Posted by phcjam at 11:36 AM EDT
Updated: Saturday, 19 October 2013 12:39 PM EDT
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Saturday, 20 July 2013
CARICOM and Caribbean Economic Development
Topic: Regional Development

In 1963, the Centre for Developing-Area Studies (CDAS) was established at the McGill University in Canada. William G. Demas – then Head of the Economic Planning Division of the Government of Trinidad and Tobago, served as its first research fellow in 1964.  Under its auspices, Demas delivered a four-lecture series on economic development of small countries, the substance of which was reproduced in 1965 as a book titled The Economics of Development in Small Countries, with Special Reference to the Caribbean.

In the Preface to the first edition, Demas wrote: “In the course of my work in the field of economic planning in Trinidad, I was led to question the relevance to small countries of much of the accepted doctrine on economic development. I came to the conclusion that a somewhat different approach was necessary for small countries, such as the Caribbean”. In the Introduction to the later edition, Sir Hilary Beckles, pro Vice-Chancellor, Principal and Professor of Economic and Social History at the University of the West Indies, Cave Hill, Barbados, remarked that “This brilliant text emerged from the intensity of his contributions to development ideas within the regional integration movement”.

In 1965, several former British colonies in the Caribbean also formed the Caribbean Free Trade Association (CARIFTA), an agreement between member states to eliminate trade barriers. These former British colonies then formed the Caribbean Common Market (CARICOM) in 1973, which involved the introduction of a common external tariff and free movement of labour and services.

On CARICOM’s fortieth anniversary, Jamaican manufacturers complain of Trinidad’s large trade surplus with Jamaica; that Trinidad maintains non-tariff barriers; and how energy subsidies to Trinidadian manufacturers give them an unfair competitive advantage. However, these Jamaican manufacturers have not sought a ruling in the Caribbean Court of Justice (CCJ), neither has any serious petition been made to CARICOM to establish a policy on the use of subsidies. Yet, there are calls for Jamaica to withdraw from CARICOM, even temporarily.

But, Demas stated that “… economic regionalism offers one important avenue for many small underdeveloped countries to achieve the possibility of a more fully self-sustained pattern of growth”, and “… at least some regional cooperation or some limited measure of economic integration maybe better than none at all, and any move towards regionalism will be a step in the right direction”. Could Demas’ conclusions have been relevant only to Trinidad and Tobago?  Certainly not!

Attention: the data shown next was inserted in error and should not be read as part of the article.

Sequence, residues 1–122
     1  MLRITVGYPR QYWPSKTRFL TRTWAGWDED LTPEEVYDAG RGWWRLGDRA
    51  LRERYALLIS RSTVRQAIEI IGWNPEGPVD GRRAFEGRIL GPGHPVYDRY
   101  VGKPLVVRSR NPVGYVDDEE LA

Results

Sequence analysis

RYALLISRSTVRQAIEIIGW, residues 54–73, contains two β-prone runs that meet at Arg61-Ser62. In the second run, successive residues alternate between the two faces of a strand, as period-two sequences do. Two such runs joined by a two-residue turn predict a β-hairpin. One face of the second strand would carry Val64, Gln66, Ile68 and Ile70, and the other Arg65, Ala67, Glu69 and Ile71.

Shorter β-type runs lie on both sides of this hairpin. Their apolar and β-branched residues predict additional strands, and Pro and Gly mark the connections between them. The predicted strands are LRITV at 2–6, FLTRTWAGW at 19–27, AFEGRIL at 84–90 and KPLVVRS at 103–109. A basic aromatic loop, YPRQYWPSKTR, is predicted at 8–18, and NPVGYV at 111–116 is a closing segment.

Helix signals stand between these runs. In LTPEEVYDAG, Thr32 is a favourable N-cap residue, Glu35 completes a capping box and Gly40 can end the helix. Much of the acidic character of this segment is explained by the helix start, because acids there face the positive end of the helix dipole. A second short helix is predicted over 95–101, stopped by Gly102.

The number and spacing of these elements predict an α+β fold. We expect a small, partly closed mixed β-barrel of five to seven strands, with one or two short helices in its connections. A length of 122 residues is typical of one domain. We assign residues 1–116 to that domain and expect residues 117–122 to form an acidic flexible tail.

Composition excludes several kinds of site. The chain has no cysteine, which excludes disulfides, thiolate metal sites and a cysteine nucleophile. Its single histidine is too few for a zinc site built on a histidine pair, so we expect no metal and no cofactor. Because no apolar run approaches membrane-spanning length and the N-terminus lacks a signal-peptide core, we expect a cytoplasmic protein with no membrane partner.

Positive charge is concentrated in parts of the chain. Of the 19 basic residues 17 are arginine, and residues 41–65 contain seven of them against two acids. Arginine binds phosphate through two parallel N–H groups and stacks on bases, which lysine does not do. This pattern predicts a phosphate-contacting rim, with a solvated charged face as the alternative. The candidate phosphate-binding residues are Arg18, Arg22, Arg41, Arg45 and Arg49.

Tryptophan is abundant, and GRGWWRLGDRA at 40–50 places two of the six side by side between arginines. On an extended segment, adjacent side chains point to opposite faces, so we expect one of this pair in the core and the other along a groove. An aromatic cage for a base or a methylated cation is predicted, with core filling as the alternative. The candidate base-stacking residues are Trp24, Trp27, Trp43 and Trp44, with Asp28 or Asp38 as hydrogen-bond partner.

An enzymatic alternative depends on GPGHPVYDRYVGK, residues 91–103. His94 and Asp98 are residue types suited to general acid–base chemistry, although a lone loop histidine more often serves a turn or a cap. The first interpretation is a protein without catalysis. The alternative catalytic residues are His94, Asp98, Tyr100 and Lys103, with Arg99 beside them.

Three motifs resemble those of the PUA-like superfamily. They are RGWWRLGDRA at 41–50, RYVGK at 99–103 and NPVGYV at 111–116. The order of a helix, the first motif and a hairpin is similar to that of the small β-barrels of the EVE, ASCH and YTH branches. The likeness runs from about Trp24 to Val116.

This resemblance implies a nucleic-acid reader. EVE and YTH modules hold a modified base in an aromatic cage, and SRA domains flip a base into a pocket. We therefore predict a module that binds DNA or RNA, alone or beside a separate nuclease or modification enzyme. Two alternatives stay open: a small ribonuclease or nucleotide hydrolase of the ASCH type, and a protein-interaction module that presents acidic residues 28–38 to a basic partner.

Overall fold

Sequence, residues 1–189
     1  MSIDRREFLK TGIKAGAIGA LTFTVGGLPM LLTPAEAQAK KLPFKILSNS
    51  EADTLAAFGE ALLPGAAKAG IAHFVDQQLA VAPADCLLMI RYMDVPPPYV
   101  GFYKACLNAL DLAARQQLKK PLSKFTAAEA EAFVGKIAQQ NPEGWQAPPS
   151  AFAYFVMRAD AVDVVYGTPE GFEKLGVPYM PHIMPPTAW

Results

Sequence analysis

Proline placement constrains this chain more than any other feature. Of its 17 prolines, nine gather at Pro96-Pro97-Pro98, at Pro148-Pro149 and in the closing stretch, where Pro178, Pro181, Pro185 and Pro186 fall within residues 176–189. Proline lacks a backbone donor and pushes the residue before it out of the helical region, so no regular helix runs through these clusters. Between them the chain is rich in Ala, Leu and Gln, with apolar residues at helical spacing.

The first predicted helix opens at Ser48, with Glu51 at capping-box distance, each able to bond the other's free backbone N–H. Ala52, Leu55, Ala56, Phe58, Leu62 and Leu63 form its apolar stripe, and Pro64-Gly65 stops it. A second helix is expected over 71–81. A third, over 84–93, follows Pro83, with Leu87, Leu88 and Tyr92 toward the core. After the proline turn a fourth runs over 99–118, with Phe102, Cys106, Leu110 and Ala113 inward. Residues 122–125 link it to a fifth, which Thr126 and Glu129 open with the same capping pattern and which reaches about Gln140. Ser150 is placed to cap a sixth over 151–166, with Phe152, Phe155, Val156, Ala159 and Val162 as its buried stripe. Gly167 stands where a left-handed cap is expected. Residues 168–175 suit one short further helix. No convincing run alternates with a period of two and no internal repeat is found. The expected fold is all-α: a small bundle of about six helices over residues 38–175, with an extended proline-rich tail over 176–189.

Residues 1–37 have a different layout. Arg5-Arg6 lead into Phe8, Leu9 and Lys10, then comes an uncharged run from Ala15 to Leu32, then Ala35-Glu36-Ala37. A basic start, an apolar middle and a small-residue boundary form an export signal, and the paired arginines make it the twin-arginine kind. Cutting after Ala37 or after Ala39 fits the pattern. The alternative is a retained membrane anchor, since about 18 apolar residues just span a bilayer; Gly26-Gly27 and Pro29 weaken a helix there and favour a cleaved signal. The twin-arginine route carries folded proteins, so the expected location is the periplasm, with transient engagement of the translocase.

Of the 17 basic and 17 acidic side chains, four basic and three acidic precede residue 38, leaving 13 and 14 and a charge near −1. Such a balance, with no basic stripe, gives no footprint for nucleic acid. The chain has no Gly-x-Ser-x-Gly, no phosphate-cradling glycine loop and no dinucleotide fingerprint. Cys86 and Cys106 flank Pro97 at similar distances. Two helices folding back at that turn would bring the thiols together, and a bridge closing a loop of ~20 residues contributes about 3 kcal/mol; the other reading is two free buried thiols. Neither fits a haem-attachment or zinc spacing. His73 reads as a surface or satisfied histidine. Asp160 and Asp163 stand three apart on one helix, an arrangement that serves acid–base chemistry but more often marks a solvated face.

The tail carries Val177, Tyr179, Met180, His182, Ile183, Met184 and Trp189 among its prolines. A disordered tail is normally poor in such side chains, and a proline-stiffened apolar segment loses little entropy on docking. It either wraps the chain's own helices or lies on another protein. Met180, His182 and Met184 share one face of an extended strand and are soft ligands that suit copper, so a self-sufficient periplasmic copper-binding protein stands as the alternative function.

The fact is that Jamaican manufacturers could raise the same objections to trade with the United States.  But, no one is even suggesting that Jamaica cease trading with the US, even temporarily. Demas stated that there are two “essential characteristics of self-sustained growth”: one, savings and investment, and the other he termed “transformation of the structure of production”, noting that “development really means a structural transformation of the economy”. It is my contention that CARICOM has not facilitated this transformation expeditiously, which has led to unbalanced development and discontent with CARICOM itself.

Demas postulated “seven basic elements” of this second characteristic, which are:

·         Capacity to transform;

·         Unification of the national markets for goods and services;

·         Shift of production and labour between sectors of the economy;

·         Interdependence between domestic industries and activities;

·         Changes in the importance and composition of foreign trade;

·         Reduction of dualism; and

·         Development of appropriate institutions.

From CARIFTA through to the CARICOM Single Market and Economy (CSME) in 1993, the focus has been on the element “unification of the national markets”, and more so for goods than services. So, a country like Trinidad which has 59% of its Gross Domestic Product (GDP) derived from production of goods would have benefited much more than Jamaica, which has 30% of its GDP derived from production of goods. Most Caribbean service-producing countries also depend on tourism which has been shown to be an enclave sector, that is, one in which a large proportion of their inputs are imported from outside the region, even though they may be available regionally. Therefore, “Interdependence between domestic industries and activities” also needs to be addressed in these service-producing countries and, Demas cautions that “… an enclave economy – even one which yields a high level of per capita income and consumption to its inhabitants – cannot be considered truly developed”.